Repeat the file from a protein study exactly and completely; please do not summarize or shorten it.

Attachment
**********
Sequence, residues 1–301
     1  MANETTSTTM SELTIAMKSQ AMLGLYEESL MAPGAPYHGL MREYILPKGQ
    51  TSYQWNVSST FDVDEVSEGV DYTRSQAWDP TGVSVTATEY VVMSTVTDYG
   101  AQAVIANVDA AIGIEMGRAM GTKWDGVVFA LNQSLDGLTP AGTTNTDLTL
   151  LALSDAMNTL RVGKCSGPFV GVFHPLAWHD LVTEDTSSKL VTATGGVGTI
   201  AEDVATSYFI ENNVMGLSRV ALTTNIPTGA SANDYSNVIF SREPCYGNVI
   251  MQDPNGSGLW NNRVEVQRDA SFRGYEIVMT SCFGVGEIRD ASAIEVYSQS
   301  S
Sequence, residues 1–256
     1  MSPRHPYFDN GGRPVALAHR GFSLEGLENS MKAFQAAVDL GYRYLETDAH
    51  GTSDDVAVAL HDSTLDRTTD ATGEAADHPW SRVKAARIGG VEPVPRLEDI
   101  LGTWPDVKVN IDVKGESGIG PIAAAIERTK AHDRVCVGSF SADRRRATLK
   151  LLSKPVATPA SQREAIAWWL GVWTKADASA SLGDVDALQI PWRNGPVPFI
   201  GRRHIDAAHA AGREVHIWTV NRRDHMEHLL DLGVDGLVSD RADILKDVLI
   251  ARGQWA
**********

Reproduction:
Sequence, residues 1–301
     1  MANETTSTTM SELTIAMKSQ AMLGLYEESL MAPGAPYHGL MREYILPKGQ
    51  TSYQWNVSST FDVDEVSEGV DYTRSQAWDP TGVSVTATEY VVMSTVTDYG
   101  AQAVIANVDA AIGIEMGRAM GTKWDGVVFA LNQSLDGLTP AGTTNTDLTL
   151  LALSDAMNTL RVGKCSGPFV GVFHPLAWHD LVTEDTSSKL VTATGGVGTI
   201  AEDVATSYFI ENNVMGLSRV ALTTNIPTGA SANDYSNVIF SREPCYGNVI
   251  MQDPNGSGLW NNRVEVQRDA SFRGYEIVMT SCFGVGEIRD ASAIEVYSQS
   301  S
Sequence, residues 1–256
     1  MSPRHPYFDN GGRPVALAHR GFSLEGLENS MKAFQAAVDL GYRYLETDAH
    51  GTSDDVAVAL HDSTLDRTTD ATGEAADHPW SRVKAARIGG VEPVPRLEDI
   101  LGTWPDVKVN IDVKGESGIG PIAAAIERTK AHDRVCVGSF SADRRRATLK
   151  LLSKPVATPA SQREAIAWWL GVWTKADASA SLGDVDALQI PWRNGPVPFI
   201  GRRHIDAAHA AGREVHIWTV NRRDHMEHLL DLGVDGLVSD RADILKDVLI
   251  ARGQWA